Lucas: Perhaps my interpretation of the text befits an Ivy League mindset—and that’s why we’re having this miscommunication. . . .
Lucas: . . . just give me the A.
What emerges from this interesting moment of competing close readings (something you rarely see outside an English class) is that Lucas approaches Othello without any of the moral feelings one would expect a reader to have and with an overly literal way of reading. The title of his paper, “Honest as I am,” and his belief that Iago is indeed honest, is based on Iago’s saying to himself “As honest as I am,” in Act II, scene 1. But, as Butler says to Lucas, this line is ironic since Iago is not honest. The line is usually taken to mean, “as honest as I am presumed to be” (by those whom he’s managed to deceive). Iago has fostered the belief in those around him that he is honest, while the play makes it clear he’s not (and Iago knows it; lying and deceit are integral parts of his plan). Lucas doesn’t seem to get the irony of this moment, for one thing. But he also sees ways in which Iago is actually honest (to himself) because he’s not deterred by Iago’s constant lying to everyone else. As a psychopath, he just doesn’t “get” that that’s wrong.
Lucas also reads the “monstrous birth” Iago wants to bring to light not as his own evil plan (the conventional reading that Butler gives) but as Othello himself, whom Lucas thinks Iago will (rightly) unmask as a “charlatan.” Again, this is not the way people usually read the line, since they are cued to see Iago as malevolent and Othello as his (more or less) innocent victim. But Lucas simply fails to be touched by any of the usual emotions that drive the usual moral readings. Indeed, he reads through the lens of himself, through a self that is empty (as psychopaths are) of normal human emotion. Like Iago, Lucas has plans to bring charlatans (intellectually inferior English teachers) into view; and, like Iago, Lucas lies to others, although he’s true to himself. Presumably Lucas thinks of himself as both “honest” and morally justified, then.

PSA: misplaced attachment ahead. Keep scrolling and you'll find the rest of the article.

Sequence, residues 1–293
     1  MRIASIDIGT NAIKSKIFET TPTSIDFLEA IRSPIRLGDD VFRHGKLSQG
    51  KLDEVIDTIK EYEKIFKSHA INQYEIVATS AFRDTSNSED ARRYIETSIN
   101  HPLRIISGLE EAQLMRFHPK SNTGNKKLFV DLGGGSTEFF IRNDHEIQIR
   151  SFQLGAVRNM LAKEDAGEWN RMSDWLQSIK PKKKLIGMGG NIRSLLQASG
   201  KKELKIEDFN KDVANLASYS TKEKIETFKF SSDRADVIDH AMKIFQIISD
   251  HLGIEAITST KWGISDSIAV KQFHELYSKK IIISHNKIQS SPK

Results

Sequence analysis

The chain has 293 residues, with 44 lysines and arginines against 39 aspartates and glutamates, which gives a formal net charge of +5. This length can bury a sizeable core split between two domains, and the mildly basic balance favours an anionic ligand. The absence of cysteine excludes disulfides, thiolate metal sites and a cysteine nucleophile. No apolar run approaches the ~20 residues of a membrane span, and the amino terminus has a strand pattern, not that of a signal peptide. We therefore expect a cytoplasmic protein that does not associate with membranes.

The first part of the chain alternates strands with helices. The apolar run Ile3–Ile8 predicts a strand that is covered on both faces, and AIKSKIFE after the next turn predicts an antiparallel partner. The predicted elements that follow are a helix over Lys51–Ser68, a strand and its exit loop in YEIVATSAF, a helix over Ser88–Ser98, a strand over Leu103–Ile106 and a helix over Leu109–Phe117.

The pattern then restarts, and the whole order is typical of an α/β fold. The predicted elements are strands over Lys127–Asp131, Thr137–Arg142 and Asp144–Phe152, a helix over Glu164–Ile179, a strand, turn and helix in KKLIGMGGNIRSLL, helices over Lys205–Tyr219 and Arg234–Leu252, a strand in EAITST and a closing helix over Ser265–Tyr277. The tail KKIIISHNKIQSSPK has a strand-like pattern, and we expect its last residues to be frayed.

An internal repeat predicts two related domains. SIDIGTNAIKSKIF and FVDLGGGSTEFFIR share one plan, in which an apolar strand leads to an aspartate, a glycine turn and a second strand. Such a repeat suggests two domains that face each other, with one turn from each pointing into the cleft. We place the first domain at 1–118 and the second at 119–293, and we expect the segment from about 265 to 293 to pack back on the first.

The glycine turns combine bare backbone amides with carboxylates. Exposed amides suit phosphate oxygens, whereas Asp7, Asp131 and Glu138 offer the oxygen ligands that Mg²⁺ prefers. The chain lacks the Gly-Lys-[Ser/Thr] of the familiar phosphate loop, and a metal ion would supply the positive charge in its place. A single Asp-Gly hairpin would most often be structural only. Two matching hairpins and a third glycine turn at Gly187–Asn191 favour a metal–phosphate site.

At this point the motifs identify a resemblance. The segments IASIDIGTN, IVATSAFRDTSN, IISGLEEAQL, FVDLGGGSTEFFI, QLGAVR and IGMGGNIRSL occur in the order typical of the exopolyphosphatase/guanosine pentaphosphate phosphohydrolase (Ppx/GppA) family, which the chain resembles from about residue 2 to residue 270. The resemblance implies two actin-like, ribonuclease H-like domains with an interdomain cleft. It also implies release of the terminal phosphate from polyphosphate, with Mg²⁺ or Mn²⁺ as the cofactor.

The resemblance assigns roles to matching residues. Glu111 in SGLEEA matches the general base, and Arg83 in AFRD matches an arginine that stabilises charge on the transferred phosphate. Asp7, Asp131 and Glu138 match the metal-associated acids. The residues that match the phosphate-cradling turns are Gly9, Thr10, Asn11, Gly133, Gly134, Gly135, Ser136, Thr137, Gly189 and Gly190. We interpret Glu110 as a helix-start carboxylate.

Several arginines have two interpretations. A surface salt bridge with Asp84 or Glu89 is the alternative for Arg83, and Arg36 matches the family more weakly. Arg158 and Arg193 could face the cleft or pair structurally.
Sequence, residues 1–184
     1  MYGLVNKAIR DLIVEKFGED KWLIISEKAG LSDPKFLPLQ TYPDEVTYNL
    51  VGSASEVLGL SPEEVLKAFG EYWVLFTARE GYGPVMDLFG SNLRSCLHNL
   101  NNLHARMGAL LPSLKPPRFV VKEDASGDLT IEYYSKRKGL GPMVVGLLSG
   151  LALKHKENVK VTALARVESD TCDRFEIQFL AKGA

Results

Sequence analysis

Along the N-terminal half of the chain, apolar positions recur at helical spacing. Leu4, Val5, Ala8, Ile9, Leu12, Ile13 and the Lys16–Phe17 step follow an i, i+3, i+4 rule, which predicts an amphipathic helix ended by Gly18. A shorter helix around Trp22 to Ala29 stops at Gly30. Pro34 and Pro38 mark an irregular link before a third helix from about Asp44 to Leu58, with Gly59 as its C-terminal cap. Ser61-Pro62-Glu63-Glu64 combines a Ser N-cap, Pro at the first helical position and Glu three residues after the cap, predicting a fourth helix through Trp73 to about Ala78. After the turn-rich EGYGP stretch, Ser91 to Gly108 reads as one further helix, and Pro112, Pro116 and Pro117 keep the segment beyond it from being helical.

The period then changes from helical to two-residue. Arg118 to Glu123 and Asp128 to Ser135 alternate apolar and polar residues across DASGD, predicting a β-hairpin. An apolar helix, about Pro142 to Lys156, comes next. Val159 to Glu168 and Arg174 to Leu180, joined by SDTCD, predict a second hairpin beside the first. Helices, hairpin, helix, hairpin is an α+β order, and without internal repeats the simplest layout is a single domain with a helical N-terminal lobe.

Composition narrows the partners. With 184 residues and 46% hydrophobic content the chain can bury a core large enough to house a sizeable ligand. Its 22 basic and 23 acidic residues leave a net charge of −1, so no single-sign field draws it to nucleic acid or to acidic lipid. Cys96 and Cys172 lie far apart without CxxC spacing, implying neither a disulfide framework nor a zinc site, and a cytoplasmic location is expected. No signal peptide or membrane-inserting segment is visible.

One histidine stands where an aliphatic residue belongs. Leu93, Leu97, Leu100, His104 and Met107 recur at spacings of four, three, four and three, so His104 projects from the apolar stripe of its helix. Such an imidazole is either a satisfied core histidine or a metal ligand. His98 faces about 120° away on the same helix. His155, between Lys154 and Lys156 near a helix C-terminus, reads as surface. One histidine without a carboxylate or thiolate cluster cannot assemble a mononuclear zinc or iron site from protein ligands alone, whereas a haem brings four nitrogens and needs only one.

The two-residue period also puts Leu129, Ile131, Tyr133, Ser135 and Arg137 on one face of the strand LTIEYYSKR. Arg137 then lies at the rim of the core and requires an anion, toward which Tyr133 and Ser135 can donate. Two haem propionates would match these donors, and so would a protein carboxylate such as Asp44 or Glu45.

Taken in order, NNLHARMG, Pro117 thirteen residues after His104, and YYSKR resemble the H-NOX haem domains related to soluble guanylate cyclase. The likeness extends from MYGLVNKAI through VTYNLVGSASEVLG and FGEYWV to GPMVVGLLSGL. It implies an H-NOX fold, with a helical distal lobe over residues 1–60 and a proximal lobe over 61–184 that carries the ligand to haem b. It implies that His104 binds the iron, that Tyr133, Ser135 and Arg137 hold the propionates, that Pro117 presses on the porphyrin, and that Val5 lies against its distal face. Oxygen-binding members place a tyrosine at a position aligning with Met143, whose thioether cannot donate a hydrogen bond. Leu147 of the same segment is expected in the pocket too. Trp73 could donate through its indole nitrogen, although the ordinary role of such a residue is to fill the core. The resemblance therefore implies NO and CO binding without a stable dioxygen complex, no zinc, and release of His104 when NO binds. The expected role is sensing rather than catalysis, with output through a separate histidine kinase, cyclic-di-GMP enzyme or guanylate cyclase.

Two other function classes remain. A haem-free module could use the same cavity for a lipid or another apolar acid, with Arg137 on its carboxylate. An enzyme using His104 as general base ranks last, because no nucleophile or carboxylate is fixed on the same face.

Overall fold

Lucas shows himself to be a “bad reader” because he is, as a psychopath, bereft of normal human emotions. But in reading ”badly”—that is, in reading through the lens of his own emotional makeup—he also shows that we all interpret what we read through the lens of our selves.
Dismissed is an example of what seems to be an emerging re-ignition of interest in the psychopath. Chris Peckover’s Better Watch Out (2016) features a psychopath and, for the first time since Mervyn LeRoy’s 1956 adaptation of William March’s novel, the word is that Lifetime is going to be re-making that classic study of psychopathy, The Bad Seed. What makes Dismissed, for all its flaws, an interesting film, is that it places front and center the different ways in which psychopaths interpret the world around them. Lucas not only champions Iago as Othello’s “hero,” but he also, we learn, write a history paper on Nazi Germany that argued “perfectionism is an admirable goal. It’s just that Hitler’s methods were a little wrong.” Psychopaths indeed see the world differently.